My late cousin Susan here introduces me to doll house furniture in her back yard. She is being quite patient with me and I am fascinated by the toys. She invites me into her play circle, taking delight with passing on something she already knows how to do.
Yesterday I blogged about my struggle with reviewing self-published books. I didn’t just want to be a curmudgeon about it, so I offered my editing eye to anyone who would like it. It was a spontaneous offer, but a genuine one. Reflecting on it today, I realized that I, like my cousin Susan, only want to pass on something I already know how to do. That, I believe, is a central calling of old age. While the temptation exists to work through a “bucket list”, buy new and bigger toys, or spend hours writing nasty messages on social media, I can instead embrace the title of elder.
I am on the cutting edge of the baby boom in the United States, with a 1947 birthday. Millions of us are beginning to retire and to ask what next. While some of us are near the end of our lives, a doctor told me that if I have lived to age 65, the odds are I will live until 90. My parents lived to 89 and 93, so the chances are strong. I may be looking at another twenty years. I have decided to focus outward, to connect with people around the world and at home, to freely share what has been freely shared with me. Some of my generation drive cars which proudly state “I am spending my children’s inheritance.” Some of my country’s leaders are doing the same with our environment and debt. I hope instead to connect with those looking to enrich the lives of younger generations. And I hope to do my part.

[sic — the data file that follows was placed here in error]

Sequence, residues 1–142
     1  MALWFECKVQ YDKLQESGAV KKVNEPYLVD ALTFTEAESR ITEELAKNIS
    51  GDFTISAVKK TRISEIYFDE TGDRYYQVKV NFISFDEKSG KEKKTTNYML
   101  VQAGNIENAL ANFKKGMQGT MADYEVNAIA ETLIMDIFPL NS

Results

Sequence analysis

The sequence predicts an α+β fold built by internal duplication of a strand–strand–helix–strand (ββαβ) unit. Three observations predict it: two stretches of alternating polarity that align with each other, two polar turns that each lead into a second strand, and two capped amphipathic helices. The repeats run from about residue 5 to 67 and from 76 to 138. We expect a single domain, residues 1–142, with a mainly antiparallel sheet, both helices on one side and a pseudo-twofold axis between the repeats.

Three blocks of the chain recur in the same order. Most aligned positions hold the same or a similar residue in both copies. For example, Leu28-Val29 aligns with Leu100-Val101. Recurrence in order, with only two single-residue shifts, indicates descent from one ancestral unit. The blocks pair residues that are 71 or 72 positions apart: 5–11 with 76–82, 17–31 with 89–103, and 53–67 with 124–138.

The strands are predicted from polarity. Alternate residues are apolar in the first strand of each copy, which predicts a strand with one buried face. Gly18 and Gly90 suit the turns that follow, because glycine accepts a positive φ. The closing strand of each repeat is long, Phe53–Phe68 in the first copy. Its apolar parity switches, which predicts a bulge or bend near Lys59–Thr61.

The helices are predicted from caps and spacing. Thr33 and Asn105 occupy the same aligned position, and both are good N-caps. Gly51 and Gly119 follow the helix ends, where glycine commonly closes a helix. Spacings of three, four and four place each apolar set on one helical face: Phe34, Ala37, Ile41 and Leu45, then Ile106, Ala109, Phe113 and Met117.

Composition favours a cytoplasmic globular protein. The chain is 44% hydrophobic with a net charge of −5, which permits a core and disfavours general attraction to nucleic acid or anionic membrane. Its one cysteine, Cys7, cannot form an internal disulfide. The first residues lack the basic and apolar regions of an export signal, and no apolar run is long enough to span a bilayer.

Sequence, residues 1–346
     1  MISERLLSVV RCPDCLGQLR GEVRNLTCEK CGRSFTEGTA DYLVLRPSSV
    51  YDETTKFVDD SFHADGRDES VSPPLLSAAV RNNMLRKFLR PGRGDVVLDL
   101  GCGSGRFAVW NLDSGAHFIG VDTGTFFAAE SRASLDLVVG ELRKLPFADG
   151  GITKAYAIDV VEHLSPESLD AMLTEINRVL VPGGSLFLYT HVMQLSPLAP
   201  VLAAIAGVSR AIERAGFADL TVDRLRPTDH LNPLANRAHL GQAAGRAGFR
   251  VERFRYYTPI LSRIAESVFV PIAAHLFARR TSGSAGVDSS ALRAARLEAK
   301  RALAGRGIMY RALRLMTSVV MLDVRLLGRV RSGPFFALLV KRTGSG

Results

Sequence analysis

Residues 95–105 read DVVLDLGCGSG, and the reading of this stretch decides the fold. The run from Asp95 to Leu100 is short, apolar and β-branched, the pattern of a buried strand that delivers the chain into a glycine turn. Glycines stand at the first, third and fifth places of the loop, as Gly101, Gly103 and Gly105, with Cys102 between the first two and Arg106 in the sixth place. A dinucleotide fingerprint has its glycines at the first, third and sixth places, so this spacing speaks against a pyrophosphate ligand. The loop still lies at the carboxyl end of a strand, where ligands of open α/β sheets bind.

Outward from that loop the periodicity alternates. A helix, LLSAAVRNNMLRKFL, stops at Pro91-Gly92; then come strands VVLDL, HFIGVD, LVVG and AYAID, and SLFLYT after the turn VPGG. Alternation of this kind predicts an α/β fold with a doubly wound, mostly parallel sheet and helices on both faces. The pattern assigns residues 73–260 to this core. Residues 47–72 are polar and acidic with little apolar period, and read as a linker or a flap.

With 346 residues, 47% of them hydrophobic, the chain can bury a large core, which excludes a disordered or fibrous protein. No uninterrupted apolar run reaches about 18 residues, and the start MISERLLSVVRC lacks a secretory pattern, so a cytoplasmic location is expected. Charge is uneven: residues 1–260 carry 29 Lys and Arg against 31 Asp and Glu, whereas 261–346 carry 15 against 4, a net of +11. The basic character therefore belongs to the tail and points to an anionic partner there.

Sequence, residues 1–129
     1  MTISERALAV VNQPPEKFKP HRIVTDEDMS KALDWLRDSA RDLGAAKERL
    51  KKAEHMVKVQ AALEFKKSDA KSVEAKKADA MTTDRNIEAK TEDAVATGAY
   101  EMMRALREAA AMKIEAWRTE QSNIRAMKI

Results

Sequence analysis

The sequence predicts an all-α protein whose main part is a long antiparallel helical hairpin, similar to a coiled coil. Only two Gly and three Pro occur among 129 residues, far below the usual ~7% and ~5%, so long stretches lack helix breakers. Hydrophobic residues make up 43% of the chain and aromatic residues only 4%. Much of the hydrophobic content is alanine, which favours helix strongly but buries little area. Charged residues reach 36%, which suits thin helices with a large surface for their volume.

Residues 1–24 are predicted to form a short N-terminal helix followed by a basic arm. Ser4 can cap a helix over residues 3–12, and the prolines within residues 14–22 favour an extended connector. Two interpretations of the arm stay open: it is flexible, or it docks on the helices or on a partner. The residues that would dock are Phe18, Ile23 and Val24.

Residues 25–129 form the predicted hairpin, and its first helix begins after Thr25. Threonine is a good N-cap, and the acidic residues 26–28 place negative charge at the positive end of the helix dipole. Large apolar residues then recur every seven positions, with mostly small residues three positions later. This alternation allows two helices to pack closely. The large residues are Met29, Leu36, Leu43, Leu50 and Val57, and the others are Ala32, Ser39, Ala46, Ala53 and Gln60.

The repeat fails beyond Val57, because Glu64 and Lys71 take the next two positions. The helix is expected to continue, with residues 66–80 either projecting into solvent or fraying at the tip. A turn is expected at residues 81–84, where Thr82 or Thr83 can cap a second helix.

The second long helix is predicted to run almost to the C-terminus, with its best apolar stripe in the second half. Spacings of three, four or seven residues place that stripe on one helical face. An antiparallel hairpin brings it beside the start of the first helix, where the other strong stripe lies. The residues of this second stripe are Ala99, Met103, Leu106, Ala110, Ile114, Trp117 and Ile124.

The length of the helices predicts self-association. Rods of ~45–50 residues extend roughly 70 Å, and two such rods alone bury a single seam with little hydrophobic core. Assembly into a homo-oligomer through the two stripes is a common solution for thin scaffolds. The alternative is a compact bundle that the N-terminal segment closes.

8 thoughts on ““Only Connect””
How happy! I hope you are able to share a lot of knowledge and experience with young people:-)
I welcome the chance to continue with my profession in retirement.
Glad to be part of your journey Elizabeth. Thank you
Your wisdom in writing plays an important role not just to the younger generations but to all who wishes to read. Thanks for sharing.
I really appreciate your comment.
I really appreciate your articulation of what “embracing the title of elder” means for you. So often in society, aging and being seasoned and experienced seems silenced and undervalued. We are encouraged to admire our elders’ only for their ability to retain youthful qualities.
Thank you. I am mounting a one woman protest against the notion of perpetual youth as an ideal.
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Well said Elizabeth, I feel the same!